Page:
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Do Finance Professors Believe in Market Efficiency?

| | Posted in: Investing Expertise

Do the experts who arguably should have the most informed opinions, finance professors, believe that the U.S. stock market is efficient? Do they invest in accordance with their beliefs? In their August 2007 paper entitled “Market Efficiency and Its Importance to Individual Investors – Surveying the Experts”, James Doran, David Peterson and Colby Wright seek to answer these questions via an email-initiated electronic survey of over 4,000 finance professors at accredited U.S. universities and colleges. Using data provided by 642 qualified respondents, they conclude that:

  • Finance professors tend to believe that the U.S. stock market is weakly to semi-strongly efficient. Specifically,
    • Weak: 8% (59%) generally agree (disagree) that it is possible to predict future stock returns using only past returns.
    • Semi-strong: the sample is largely neutral but leaning toward agreement that it is not possible to predict future returns using only past returns and publicly available information.
    • Strong: 57% (10%) generally agree (disagree) that it is possible to predict future returns using past returns, public information and private information.
  • Those who specialize in market efficiency tend to believe a little less strongly in efficiency than does the overall sample.
  • 18% (42%) of the sample generally agree (disagree) that their investing goal is to beat the market, implying that the overall sample largely accepts semi-strong market efficiency. Specifically,
    • 10% generally accept market efficiency but still try to beat the market.
    • 12% generally reject market efficiency but still do not try to beat the market.
    • 15% generally reject market efficiency and do try to beat the market.
    • 27% generally accept market efficiency and do not try to beat the market.
    • The rest are noncommittal on either market efficiency or investment goals.
  • Investing behavior varies somewhat by specialty:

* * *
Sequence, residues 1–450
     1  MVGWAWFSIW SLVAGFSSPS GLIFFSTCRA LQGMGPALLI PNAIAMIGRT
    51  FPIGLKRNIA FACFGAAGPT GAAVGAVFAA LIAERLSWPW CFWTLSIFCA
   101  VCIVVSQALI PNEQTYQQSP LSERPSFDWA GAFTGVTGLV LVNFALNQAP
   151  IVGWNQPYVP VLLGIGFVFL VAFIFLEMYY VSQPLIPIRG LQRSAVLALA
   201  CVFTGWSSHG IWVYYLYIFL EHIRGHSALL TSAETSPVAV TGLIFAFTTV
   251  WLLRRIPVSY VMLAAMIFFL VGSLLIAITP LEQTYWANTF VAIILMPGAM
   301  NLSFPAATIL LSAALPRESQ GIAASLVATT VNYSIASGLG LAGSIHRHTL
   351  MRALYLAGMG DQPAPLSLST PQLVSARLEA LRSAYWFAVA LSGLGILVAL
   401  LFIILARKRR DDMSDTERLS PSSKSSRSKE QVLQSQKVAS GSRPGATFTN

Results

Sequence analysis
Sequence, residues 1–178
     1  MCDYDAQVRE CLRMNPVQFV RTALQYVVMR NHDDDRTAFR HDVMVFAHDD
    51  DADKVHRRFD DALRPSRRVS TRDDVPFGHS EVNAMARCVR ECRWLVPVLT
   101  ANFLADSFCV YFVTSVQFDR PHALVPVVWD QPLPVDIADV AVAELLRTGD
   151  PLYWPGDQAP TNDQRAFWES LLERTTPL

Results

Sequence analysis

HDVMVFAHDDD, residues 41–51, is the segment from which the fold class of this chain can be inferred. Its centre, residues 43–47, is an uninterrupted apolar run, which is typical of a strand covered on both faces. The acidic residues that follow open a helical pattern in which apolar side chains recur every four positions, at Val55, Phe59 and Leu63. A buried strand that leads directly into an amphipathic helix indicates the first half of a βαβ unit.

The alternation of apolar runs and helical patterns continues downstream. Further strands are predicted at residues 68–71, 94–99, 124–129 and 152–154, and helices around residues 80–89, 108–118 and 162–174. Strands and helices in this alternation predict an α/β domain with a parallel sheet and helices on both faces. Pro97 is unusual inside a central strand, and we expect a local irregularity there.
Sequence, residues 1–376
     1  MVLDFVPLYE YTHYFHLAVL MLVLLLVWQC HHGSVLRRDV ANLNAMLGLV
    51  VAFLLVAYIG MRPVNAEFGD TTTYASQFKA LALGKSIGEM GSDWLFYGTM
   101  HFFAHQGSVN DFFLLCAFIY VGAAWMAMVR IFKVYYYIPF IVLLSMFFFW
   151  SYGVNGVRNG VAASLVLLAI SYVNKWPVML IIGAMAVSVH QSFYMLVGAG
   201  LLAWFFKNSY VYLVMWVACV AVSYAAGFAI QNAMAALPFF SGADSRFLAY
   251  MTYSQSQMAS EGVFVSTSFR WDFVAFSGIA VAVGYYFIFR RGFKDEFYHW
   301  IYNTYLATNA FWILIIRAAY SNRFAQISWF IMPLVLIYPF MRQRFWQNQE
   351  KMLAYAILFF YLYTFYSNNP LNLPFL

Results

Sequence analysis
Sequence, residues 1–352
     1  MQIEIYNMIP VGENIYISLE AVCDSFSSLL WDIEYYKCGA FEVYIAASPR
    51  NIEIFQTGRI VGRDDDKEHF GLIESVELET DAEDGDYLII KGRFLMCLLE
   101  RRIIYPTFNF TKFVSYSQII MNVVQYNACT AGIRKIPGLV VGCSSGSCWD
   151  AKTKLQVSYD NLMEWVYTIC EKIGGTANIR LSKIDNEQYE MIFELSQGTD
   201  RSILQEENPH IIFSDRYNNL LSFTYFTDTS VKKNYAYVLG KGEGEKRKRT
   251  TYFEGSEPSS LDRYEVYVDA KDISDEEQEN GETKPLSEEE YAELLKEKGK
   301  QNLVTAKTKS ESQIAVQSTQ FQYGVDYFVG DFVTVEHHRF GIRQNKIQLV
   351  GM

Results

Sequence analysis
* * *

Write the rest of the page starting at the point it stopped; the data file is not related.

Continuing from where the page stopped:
• The investing behavior of those who specialize in market efficiency is much like that of the overall sample.
    • Those specializing in behavioral finance and derivatives tend to invest more actively.
    • Those specializing in fields less related to market efficiency (capital structure and corporate governance) tend to invest much more passively.
  • The primary driver of a finance professor’s tendency to invest actively is confidence in personal ability to outperform, regardless of belief about market efficiency.

The following table, taken from the paper, sorts respondents based on whether they invest to beat the market and based on their belief in market efficiency (average response to the three statements of belief regarding weak, semi-strong and strong efficiency). Response scales for all statements are 1 (strongly agree) to 7 (strongly disagree). Gray (black) highlighting indicates respondents whose investment goals match (do not match) beliefs in market efficiency. The table shows that about 22% of these experts exhibit dissonance between investing goals and self-reported beliefs regarding market efficiency.

In summary, finance professors generally reject the value of technical analysis and mostly reject the value of public information in predicting stock returns, but they accept the importance of private information. However, about one fifth of them adopt investing goals that disregard their stated market efficiency beliefs.

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